If you are enjoying what you are reading here, please spread the word and recommend it to another Mac Admin!

If you want to support me and this website even further, then consider buying one (or all) of my books. It’s like a subscription fee, but you also get a useful book or two extra!

macOS 11

Last week at WWDC, Apple had two big announcements for the Mac platform.

The first one was a new user interface design, much closer to iPadOS and iOS. Apple considers this the “biggest design upgrade since the introduction of Mac OS X.” Because of this, Apple also gives this version of macOS the long-withheld ‘11’ as the major version number.

You can take a look at the new UI on Apple’s Big Sur preview page or you can download the beta from your AppleSeed for IT or Developer account. It shares many elements, styles and icons with iOS or iPadOS.

The other major announcement is that the Mac platform will have a transition from Intel CPUs to ‘Apple Silicon’ chips built by Apple themselves, just like the iPhone and the iPad. The Developer Kit for testing purposes is powered by the A12z chip that powers the iPad Pro, but Apple was insistent that future, production Macs would have chips designed specifically for Macs and not be using iPad or iPhone chips.

These are big announcements, for sure. But what do they mean for the macOS platform? And for MacAdmins in particular?

Apple’s commitment to Mac

There was a time not so long ago, where you got the impression that the Mac platform was merely an afterthought for Apple. I think it started after the release of the ‘trashcan’ Mac Pro. During those years, I think there was legit concern that Apple would lock down macOS as tightly as they did iOS, breaking what makes the Mac special.

Some of the recent additions to macOS, such as the increased privacy controls with their incessant prompts for approval, deprecation of built-in scripting run-times like Python and Ruby and even the deprecation of bash in favor of zsh, have made some ‘Pro’ users nervous and afraid that Apple wants to turn macOS in to iOS.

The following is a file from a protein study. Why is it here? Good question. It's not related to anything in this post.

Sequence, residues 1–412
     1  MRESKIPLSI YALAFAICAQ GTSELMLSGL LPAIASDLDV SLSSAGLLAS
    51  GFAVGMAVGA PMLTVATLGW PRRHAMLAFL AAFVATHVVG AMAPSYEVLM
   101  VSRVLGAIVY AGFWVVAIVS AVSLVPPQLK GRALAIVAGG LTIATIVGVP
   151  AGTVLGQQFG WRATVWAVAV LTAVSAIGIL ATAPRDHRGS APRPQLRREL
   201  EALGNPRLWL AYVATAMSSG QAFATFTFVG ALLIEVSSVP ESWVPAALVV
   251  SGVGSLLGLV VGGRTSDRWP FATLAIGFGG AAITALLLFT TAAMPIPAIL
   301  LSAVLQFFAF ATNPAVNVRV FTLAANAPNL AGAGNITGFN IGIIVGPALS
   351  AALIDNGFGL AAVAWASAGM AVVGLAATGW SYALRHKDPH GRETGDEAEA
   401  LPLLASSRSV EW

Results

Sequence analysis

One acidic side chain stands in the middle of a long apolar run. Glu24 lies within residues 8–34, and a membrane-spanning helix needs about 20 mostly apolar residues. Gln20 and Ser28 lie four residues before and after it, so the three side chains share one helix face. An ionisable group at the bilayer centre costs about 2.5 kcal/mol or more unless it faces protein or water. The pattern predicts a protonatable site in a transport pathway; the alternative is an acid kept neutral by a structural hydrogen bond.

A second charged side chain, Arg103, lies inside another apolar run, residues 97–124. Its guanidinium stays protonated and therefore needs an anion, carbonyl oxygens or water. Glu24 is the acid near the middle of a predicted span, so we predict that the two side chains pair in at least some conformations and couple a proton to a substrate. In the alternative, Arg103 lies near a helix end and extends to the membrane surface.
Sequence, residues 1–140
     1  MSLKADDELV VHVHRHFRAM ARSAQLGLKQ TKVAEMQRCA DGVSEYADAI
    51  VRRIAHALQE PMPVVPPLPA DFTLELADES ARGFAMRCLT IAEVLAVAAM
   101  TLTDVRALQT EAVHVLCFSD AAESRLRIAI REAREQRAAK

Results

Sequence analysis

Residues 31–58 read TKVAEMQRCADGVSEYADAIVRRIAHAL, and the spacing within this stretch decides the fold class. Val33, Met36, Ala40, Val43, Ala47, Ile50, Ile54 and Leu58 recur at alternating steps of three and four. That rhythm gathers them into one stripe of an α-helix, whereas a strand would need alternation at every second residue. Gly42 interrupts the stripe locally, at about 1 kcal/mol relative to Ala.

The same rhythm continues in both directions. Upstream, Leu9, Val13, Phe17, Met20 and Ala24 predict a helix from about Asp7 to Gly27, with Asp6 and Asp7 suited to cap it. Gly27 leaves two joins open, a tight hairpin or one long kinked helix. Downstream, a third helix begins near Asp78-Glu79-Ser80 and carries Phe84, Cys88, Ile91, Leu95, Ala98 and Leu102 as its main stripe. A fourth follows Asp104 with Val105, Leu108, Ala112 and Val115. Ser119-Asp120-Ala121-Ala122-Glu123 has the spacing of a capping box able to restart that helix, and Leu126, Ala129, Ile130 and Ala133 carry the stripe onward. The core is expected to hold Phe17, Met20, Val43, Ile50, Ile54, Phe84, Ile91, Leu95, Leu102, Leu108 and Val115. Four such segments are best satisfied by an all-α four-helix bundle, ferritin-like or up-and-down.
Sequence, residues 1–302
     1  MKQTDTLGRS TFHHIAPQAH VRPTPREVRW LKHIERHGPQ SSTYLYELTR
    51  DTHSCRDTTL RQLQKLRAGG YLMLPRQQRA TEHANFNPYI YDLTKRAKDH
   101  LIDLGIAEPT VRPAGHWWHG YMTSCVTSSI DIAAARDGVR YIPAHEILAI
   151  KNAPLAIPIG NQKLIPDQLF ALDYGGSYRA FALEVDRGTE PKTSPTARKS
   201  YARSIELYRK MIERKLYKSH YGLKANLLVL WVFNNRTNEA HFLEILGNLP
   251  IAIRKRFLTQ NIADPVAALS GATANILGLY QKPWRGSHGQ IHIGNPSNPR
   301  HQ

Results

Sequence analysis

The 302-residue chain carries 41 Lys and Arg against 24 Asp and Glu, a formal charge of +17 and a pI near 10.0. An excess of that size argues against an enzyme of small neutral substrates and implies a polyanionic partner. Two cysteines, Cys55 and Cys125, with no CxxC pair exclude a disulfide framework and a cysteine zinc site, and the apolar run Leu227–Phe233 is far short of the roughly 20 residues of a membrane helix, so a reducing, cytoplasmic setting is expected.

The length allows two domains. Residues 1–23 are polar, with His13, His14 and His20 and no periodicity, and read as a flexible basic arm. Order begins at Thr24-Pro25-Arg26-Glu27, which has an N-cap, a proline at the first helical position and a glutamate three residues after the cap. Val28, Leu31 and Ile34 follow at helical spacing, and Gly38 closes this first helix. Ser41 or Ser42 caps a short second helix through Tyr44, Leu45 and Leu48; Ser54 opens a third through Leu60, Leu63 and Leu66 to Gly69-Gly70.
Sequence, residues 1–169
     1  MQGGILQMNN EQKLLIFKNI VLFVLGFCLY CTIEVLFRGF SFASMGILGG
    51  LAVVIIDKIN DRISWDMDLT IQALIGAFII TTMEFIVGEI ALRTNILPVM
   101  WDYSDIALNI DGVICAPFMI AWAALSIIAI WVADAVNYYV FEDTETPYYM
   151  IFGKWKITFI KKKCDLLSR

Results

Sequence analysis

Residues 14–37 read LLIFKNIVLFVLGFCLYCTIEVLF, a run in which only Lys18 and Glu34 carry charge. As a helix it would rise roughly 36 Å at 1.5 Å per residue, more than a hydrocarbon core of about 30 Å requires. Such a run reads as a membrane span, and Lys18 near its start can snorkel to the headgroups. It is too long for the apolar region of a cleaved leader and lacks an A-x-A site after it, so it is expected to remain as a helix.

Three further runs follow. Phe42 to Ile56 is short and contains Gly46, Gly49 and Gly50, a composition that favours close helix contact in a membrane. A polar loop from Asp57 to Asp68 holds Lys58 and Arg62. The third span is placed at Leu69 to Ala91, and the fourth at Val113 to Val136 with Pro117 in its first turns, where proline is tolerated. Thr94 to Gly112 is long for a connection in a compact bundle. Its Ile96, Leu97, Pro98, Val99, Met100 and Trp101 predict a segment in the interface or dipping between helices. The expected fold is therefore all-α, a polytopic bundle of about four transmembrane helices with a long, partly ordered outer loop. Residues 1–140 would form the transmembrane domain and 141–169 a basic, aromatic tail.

Now the unification of the user interface can add to those concerns: will macOS turn into iOS and iPadOS in more than just look and feel?

On the other hand, Apple has been more vocal and open about their plans for the Mac. This started when Apple announced they were working on a new Mac Pro in April 2017.

In Mojave (2018), and then Catalina (2019), Apple introduced several technologies unique to macOS:

  • System and Network Extensions
  • File Providers
  • DriverKit
  • Notarization
  • zsh as new default shell, dash

These technologies exist because Apple wants (or needs) to increase the security of macOS. Kernel extensions, which provide unfettered access to all parts of the system are replaced with System and Network extensions and DriverKit. Notarization allows Apple to check and certify software delivered and installed outside of the Mac App Store. zsh allows Apple and their users to move forward from a 13-year old bash version.

But, if Apple wanted to lock down macOS as completely as iOS and iPadOS, they wouldn’t have to introduce these new technologies to macOS. Instead, they are introducing new technologies to allow certain characteristics of macOS to continue, even with increased security. This is a lot of effort from Apple, which convinces me that Apple sees a purpose for macOS for years to come.

What are these characteristics that Apple thinks are special for the macOS? Apple told us in the Platforms State of the Union session this year. Starting at 15:10 Andreas Wendker says:

“Macs will stay Macs the way you know and love them. They will run the same powerful Pro apps. They will offer the same developer APIs Macs have today. They will let users create multiple volumes on disks with different operating system versions and they will let users boot from external drives. They will support drivers for peripherals and they will be amazing UNIX machines for developers and the scientific community that can run any software they like.”

This short section makes a lot of promises:

  • Pro Apps: including third party pro apps, like Affinity Photo, Cinema 4D, Photoshop, shown previously, and Microsoft Office, and Maya which were shown in the Keynote
  • Developer APIs: no reduced feature set
  • Disk and OS management: multiple volumes, external storage and boot, multiple versions of macOS on one device
  • Peripheral ports with custom drivers
  • UNIX machines for developer and science tools (this includes Terminal, Craig Federighi confirmed this in John Gruber’s interview)
  • ‘any software you like’
  • ‘flexibility and configurability’ (earlier in the presentation)

Apple wants to assure us that they understand what the macOS platform is used for. Remember that Apple uses macOS themselves for many of these tasks and it is unlikely they would want to switch to Windows or Linux based PCs for their work.